It further appears that the strike, if continued, will have a serious impact on the importation of food and other commodities required for United States consumers; that the supply of necessary food items to the Commonwealth of Puerto Rico has been substantially interrupted; that unemployment, wholly apart from that felt in shipping and port services, but causally related to the strike, is substantial; that the flow of agricultural commodities under various governmental programs to combat hunger and malnutrition in many developing countries has been sharply reduced.
It also appears that serious damage is being inflicted on the United States economy as a whole in worsening an already critical balance of payments position, in threatening a long-term loss of markets for agricultural exports and other commodities, in causing serious revenue losses to the shipping industry and others directly or indirectly affected by that industry, including manufacturers, railroads and truckers.
For these reasons the court concludes that a sufficient showing has been made that the present strike affects a substantial part of an entire industry engaged in commerce and, if permitted to continue, will imperil the national health and safety.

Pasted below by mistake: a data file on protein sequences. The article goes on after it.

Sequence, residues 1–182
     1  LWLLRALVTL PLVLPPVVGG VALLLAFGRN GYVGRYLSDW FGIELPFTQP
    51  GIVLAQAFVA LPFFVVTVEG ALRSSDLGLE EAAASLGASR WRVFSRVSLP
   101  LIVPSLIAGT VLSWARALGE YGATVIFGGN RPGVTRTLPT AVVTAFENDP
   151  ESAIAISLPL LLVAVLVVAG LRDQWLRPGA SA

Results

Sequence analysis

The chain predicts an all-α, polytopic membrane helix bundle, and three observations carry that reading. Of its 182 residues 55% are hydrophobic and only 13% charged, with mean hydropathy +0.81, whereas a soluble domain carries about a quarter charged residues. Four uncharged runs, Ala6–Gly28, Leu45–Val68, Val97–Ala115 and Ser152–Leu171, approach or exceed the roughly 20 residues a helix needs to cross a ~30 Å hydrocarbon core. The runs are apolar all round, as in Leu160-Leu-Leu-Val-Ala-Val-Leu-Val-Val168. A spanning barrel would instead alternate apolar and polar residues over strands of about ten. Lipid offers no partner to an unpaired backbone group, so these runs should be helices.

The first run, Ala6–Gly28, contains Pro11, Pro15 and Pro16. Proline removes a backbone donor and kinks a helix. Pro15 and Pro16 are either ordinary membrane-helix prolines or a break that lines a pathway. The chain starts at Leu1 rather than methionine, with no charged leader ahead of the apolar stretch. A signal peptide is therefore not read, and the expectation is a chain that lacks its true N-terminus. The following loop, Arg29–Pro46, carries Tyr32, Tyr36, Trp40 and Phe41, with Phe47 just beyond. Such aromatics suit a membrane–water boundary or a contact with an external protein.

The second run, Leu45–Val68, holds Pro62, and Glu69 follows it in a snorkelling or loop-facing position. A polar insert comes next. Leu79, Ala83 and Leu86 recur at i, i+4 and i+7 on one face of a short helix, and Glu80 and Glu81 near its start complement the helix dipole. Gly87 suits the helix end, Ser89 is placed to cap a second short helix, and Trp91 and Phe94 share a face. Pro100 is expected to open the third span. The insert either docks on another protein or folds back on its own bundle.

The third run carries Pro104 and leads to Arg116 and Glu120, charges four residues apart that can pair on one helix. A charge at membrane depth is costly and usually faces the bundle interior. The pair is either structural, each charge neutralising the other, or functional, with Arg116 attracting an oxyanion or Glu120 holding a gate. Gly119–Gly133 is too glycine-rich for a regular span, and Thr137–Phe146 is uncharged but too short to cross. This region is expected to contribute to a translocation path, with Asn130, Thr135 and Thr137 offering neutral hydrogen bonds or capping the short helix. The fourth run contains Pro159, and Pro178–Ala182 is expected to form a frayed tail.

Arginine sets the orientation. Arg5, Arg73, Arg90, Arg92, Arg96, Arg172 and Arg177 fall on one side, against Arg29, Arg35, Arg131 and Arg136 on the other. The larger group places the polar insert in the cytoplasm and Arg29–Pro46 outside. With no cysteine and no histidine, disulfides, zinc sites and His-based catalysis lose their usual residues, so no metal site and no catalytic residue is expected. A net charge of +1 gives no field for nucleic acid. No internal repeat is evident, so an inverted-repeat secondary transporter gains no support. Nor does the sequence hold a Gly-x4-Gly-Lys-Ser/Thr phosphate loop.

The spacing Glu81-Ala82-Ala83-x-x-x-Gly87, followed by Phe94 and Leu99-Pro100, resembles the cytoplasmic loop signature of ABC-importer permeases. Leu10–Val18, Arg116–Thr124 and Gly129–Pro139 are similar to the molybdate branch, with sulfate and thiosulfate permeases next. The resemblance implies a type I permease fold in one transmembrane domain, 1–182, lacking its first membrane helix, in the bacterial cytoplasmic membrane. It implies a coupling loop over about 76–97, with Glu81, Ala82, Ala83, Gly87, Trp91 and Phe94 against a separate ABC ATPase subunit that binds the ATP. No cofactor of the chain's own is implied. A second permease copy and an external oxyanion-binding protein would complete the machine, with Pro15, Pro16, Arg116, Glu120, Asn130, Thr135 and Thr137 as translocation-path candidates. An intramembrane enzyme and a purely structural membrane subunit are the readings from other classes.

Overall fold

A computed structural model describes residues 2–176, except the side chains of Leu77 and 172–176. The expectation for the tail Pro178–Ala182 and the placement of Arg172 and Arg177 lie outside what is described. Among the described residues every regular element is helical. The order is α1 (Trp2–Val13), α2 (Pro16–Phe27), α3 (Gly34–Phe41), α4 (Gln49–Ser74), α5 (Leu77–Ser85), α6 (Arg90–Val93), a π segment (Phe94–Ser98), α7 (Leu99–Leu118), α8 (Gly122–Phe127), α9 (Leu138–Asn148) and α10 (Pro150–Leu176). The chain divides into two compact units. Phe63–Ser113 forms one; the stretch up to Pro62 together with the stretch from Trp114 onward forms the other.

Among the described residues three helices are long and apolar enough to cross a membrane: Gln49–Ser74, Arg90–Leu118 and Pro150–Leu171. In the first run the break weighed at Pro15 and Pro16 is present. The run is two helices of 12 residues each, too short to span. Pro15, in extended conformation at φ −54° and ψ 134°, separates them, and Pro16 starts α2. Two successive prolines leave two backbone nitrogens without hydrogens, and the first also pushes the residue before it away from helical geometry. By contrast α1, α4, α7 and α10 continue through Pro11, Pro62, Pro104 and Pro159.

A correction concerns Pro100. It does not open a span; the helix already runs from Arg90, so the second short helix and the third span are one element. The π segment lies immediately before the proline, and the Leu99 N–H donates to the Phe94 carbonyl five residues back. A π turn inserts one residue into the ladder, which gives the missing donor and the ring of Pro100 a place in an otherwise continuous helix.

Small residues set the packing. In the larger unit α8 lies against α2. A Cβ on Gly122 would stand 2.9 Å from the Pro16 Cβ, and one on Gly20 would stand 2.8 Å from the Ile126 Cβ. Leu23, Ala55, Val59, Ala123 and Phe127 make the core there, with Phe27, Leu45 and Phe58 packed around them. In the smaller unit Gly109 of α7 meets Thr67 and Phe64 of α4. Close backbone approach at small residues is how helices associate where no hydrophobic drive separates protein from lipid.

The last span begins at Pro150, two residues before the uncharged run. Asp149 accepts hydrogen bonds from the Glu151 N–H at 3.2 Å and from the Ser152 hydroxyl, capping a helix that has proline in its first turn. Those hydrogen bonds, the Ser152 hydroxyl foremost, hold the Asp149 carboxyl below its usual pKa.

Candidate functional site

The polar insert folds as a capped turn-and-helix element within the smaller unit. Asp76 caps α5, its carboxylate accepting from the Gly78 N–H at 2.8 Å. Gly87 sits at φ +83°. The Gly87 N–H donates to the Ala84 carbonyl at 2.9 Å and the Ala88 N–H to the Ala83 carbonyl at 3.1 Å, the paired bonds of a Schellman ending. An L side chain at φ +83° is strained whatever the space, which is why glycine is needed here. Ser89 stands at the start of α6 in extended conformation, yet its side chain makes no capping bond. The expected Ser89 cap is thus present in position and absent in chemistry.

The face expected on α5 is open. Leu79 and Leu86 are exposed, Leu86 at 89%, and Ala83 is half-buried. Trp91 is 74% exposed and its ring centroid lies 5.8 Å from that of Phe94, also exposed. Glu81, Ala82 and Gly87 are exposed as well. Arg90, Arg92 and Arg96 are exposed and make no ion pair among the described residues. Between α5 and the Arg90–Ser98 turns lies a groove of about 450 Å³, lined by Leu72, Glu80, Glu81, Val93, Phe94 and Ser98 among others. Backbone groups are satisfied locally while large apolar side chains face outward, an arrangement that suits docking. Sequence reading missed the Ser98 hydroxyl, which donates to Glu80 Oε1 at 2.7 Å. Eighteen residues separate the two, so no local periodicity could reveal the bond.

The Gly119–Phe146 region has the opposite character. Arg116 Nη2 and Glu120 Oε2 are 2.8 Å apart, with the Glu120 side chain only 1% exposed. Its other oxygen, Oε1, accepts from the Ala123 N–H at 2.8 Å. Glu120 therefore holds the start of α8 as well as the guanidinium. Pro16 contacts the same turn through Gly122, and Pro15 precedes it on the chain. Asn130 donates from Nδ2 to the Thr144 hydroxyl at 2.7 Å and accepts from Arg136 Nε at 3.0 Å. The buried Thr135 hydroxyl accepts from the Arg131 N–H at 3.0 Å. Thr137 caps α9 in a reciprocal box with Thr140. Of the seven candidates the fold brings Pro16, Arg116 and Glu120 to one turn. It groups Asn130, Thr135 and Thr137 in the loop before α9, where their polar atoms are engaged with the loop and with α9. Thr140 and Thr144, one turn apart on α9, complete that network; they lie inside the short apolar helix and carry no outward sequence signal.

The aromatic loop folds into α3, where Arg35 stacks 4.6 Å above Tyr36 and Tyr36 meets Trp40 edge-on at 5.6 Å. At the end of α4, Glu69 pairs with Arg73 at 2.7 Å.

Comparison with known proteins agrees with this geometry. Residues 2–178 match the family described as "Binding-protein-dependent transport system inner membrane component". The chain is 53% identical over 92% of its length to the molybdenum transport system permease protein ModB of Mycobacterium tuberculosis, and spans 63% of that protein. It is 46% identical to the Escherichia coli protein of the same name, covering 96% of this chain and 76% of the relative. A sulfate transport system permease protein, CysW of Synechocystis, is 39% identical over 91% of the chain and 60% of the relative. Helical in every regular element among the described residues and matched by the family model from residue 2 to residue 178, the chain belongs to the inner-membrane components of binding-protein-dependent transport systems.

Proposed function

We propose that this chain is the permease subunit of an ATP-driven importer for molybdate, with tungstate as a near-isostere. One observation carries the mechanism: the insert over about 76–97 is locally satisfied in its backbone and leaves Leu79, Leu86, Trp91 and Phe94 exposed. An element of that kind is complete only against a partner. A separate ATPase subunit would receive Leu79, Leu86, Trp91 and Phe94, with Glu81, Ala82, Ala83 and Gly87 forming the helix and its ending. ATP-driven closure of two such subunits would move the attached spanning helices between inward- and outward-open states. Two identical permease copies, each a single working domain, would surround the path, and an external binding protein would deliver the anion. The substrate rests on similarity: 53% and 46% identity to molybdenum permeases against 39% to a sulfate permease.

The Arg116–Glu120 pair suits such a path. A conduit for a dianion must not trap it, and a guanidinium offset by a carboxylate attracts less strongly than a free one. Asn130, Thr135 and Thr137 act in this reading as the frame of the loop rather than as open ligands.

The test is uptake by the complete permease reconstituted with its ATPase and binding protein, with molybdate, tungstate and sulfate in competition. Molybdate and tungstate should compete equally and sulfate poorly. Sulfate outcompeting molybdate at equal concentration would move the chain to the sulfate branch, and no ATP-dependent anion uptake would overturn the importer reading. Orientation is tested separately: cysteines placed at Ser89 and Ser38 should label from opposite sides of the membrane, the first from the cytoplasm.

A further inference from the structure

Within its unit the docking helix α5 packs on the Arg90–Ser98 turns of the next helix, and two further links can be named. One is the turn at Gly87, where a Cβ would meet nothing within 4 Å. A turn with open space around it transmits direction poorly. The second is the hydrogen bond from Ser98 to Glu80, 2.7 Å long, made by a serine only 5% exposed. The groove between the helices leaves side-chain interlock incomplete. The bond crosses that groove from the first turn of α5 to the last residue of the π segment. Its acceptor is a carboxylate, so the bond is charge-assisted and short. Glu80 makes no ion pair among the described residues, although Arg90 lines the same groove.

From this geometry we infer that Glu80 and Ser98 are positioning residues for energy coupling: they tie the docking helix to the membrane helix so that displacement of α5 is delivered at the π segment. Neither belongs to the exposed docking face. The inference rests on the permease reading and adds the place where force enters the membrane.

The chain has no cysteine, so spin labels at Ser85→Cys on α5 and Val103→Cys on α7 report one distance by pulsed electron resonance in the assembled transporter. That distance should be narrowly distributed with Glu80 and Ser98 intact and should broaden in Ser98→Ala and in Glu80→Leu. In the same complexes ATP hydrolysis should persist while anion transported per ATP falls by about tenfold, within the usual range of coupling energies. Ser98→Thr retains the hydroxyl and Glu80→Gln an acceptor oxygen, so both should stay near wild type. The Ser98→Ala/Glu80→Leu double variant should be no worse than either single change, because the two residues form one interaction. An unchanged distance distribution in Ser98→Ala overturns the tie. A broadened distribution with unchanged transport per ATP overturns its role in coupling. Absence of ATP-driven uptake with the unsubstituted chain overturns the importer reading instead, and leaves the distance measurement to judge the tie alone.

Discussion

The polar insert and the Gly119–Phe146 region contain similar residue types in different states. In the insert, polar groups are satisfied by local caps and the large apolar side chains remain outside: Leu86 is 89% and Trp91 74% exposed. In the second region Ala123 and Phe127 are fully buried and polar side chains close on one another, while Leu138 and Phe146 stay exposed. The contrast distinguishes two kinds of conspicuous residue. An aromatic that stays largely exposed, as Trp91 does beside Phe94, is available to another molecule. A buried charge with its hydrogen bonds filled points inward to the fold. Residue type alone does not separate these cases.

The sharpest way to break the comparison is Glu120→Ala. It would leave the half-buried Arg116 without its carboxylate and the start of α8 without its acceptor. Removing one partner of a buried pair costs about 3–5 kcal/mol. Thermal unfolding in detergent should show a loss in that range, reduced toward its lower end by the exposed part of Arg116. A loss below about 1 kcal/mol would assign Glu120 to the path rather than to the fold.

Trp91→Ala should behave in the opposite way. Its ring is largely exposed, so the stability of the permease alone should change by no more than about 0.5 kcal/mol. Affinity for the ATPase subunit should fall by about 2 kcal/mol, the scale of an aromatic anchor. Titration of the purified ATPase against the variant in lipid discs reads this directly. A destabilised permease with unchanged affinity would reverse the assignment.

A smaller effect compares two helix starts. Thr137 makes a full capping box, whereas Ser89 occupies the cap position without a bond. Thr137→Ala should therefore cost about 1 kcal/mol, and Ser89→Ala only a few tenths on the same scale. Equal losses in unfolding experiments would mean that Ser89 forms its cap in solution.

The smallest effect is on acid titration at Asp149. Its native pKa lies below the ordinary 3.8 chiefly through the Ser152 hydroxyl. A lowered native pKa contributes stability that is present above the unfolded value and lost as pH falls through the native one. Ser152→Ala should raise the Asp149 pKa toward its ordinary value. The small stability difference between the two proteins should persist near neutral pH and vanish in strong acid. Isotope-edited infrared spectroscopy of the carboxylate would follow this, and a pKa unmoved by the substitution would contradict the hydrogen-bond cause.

It Is Therefore Ordered:
(1) That the defendants and each of them and their officers, agents, servants and employees and all persons in active concert or participation with them be and they hereby are restrained:
(a) From in any manner continuing, encouraging, ordering, aiding, engaging in or taking any part in any strike or lock-out in the maritime industry of the United States, and
(b) from in any manner interfering with or affecting the orderly continuance of work in said industry at the same rates of pay, hours of labor, and other terms and conditions of employment in effect immediately prior hereto, subject to such modifications thereof as the defendants may agree upon, and from taking any action which would interfere with this court's jurisdiction in the premises.